Multi-Vehicle Accidents: Determining Liability in Pennsylvania

car accident

There are different types of traffic accidents, and while many involve just one or two vehicles, those that involve three or more can present significant challenges when determining fault—and legal accountability. More than one person (or company) could share the blame for a multi-vehicle accident, and in Pennsylvania, the determination of fault may be decided based on traffic laws and whether the parties involved acted with reasonable care under the circumstances.

Multi-vehicle accidents, or pileups, are often associated with severe weather like heavy fog, rain, snow, and ice. In March 2022, a sudden snow squall led to a massive pileup on Interstate 81 in Mercer County, Pennsylvania. 6 people lost their lives in a crash that ultimately involved 41 passenger vehicles and 39 commercial vehicles. In February 2021, a pileup on Interstate 35 in Fort Worth, Texas, claimed 3 lives and left dozens of others injured. 133 vehicles were involved in the collision, which occurred after freezing temperatures and light rain caused black ice on the roadway.

Although weather or roadway hazards can play a part in increasing the risk of a collision, there is often some level of negligence or carelessness involved.

Upon investigating the Fort Worth pileup, the National Transportation Safety Board (NTSB) found that the company responsible for maintaining Interstate 35 had failed to properly prepare the road. Speeding was determined as another cause of the disaster. The cause of the Pennsylvania pileup is still under investigation, although speeding and the squall’s abrupt arrival are considered potential factors.

The Unique Challenge of Multi-Vehicle Accidents

If you have been involved in a multi-vehicle accident, even if it was not of the magnitude of the Mercer County and Fort Worth incidents, you may be facing a challenging road to recovery. Multi-vehicle accidents are among the most complex traffic collision cases our firm handles. Numerous contributing factors may be involved, and we must determine—and prove—which factor was most prevalent. We must determine all potential sources of fault and compensation to pursue the best result for our client.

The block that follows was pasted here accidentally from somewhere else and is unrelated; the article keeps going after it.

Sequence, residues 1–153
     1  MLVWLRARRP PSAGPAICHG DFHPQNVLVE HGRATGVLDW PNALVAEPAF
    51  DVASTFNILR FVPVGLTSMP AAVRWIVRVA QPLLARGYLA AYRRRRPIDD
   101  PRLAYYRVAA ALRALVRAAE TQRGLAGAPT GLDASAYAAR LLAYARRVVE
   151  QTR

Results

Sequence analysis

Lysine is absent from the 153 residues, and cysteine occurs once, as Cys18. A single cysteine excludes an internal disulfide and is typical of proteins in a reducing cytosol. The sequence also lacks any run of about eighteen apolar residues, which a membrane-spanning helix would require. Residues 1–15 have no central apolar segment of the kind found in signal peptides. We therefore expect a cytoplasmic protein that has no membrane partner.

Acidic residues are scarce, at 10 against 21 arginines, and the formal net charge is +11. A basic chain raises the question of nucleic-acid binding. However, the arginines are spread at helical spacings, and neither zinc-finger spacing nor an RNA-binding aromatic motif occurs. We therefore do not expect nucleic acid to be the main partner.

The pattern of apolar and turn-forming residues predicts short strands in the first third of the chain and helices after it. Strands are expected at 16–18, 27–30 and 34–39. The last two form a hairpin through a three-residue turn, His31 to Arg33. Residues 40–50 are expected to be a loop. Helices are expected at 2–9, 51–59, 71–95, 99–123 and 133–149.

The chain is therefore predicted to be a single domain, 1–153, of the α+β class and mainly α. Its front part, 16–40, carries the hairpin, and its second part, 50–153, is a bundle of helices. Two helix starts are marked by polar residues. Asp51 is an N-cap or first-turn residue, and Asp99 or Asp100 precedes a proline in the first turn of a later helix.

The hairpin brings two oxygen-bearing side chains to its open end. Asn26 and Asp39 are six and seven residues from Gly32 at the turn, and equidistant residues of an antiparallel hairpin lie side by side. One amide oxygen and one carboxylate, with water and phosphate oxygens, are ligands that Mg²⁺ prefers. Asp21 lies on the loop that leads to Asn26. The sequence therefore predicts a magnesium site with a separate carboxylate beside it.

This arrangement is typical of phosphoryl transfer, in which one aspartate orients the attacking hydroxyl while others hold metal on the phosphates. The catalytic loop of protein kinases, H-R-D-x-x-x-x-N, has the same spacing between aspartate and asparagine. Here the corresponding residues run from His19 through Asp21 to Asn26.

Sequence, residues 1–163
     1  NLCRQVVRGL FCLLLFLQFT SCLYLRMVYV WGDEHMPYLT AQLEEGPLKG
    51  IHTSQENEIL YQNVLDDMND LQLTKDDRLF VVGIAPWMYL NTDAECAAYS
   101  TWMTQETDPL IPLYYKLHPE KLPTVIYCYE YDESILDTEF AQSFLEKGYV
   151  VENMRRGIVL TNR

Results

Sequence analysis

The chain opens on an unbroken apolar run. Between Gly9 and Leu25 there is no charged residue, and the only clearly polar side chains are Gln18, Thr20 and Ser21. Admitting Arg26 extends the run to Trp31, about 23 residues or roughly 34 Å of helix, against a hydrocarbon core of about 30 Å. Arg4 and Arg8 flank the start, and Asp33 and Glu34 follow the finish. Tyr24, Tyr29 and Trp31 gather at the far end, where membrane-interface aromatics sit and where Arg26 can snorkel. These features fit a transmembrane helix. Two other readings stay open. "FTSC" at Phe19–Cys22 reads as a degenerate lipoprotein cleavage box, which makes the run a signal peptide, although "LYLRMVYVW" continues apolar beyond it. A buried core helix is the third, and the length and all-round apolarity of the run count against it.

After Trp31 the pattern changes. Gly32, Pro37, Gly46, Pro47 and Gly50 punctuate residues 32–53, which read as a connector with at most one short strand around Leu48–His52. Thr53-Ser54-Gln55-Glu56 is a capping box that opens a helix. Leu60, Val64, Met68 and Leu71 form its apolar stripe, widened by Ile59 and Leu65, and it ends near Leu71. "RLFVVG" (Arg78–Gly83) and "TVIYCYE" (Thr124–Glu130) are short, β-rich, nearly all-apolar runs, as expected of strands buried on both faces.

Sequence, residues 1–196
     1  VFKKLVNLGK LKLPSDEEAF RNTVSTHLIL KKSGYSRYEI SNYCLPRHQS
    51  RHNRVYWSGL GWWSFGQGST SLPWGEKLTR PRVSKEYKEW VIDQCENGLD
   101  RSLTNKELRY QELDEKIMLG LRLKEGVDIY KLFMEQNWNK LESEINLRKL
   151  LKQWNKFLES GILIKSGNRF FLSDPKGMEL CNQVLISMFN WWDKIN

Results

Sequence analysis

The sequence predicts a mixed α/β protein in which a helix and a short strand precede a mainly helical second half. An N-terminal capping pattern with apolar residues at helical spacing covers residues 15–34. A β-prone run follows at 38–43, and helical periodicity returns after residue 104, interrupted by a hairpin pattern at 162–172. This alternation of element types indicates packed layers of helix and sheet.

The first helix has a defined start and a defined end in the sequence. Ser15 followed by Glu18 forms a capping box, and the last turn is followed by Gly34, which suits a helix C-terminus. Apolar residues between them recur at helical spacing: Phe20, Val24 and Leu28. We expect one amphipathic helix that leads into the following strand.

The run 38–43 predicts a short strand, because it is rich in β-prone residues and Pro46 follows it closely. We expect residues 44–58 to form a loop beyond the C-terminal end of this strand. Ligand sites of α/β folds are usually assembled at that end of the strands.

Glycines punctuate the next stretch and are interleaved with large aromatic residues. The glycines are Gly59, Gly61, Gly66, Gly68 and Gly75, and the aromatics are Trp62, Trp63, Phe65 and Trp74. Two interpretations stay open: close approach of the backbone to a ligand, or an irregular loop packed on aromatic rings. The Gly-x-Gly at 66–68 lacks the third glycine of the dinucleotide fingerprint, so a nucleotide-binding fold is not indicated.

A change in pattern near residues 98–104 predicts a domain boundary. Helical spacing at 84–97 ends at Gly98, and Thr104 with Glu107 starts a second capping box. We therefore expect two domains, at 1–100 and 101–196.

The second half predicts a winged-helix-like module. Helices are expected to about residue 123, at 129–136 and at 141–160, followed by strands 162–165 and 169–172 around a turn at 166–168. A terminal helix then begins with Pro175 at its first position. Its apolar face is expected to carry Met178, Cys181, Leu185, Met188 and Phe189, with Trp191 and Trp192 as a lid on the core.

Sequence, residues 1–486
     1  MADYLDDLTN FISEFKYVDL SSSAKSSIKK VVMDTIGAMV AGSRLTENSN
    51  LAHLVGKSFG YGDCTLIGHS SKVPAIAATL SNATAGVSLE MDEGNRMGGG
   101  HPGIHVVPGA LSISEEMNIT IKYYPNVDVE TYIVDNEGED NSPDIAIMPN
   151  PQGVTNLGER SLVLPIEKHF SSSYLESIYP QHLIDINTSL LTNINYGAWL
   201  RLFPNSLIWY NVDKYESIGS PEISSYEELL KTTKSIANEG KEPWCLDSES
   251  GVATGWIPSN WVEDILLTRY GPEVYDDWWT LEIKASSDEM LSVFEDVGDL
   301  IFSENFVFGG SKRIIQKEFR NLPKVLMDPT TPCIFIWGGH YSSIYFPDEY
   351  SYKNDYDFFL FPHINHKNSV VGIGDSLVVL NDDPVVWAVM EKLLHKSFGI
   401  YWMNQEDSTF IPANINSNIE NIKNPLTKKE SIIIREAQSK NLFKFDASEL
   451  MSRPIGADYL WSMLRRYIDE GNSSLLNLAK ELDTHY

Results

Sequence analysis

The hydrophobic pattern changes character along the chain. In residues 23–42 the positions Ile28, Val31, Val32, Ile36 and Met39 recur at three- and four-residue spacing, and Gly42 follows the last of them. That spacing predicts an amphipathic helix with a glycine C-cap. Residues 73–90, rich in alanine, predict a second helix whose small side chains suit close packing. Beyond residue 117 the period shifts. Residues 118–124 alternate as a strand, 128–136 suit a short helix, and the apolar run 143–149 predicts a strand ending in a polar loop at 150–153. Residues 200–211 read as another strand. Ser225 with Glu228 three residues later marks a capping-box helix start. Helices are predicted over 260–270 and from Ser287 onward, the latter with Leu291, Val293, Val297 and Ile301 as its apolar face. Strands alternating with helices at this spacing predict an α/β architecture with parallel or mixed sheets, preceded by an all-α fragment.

Unlike accidents involving one or two vehicles, multi-vehicle collisions present a labyrinth of interactions, where each action and reaction can potentially alter the outcome. The primary challenge lies in deciphering this chain of events to establish fault. In Pennsylvania, the process is governed by a combination of state traffic laws and principles of negligence.

Pennsylvania’s Comparative Negligence System

Pennsylvania operates under a "comparative negligence" system. This means that in an accident involving multiple vehicles, each driver may hold a percentage of the fault. The key is determining each party's degree of negligence and how it contributed to the accident. For instance, Driver A might be found 40% at fault, while Driver B could be 60% responsible.

The same principle applies if a party other than one of the drivers is partially to blame. In the Fort Worth pileup, for example, the NTSB found that the roads had not been properly prepared for the weather. The same may apply if a vehicle manufacturer was to blame for a defective part that caused or contributed to a multi-vehicle accident.

Investigating Multi-Vehicle Collisions

When investigating a multi-vehicle collision, we may work with accident reconstruction specialists, investigators, and experts in various fields to determine the sequence of events that led to the initial collision, and (as is the case in certain collisions involving three or more vehicles) any subsequent crashes.

The following will be integral to an investigation:

  • Police Reports and Witness Statements: The initial investigation typically revolves around police reports and witness accounts. These provide a foundational understanding of the accident.
  • Physical Evidence: Skid marks, vehicle damage, and other on-site evidence offer critical insights into the dynamics of the crash.
  • Expert Analysis: Often, accident reconstruction experts are brought in to piece together the sequence of events. Demonstrating the sequence of events leading to an accident can offer a clear picture of its primary cause and contributing factors.
  • Surveillance and Dashcam Footage: Video evidence is playing an increasingly pivotal role in establishing fault in all traffic accidents, including multi-vehicle collisions.

Each driver’s insurance company will conduct its own assessment. However, insurance companies are known for attempting to minimize their financial exposure, leading to disputes over liability and compensation.

Talk to a Skilled Auto Accident Lawyer

Given the complexity of multi-vehicle accidents, having experienced legal representation is crucial. An attorney experienced with cases of this nature can help you navigate your case, gather and analyze evidence, negotiate with the insurance companies involved, and pursue the fair compensation you deserve.

At Handler, Henning & Rosenberg LLC, with a 100-year history practicing in Pennsylvania, we are adept at navigating these complexities. If you find yourself in the unfortunate situation of a multi-vehicle accident, don’t hesitate to seek professional legal assistance to safeguard your rights and interests. Our car accident attorneys stand ready to offer experienced guidance and representation in these challenging situations, upholding our long-standing commitment to justice for the injured and wronged. Call (888) 498-3023 today!

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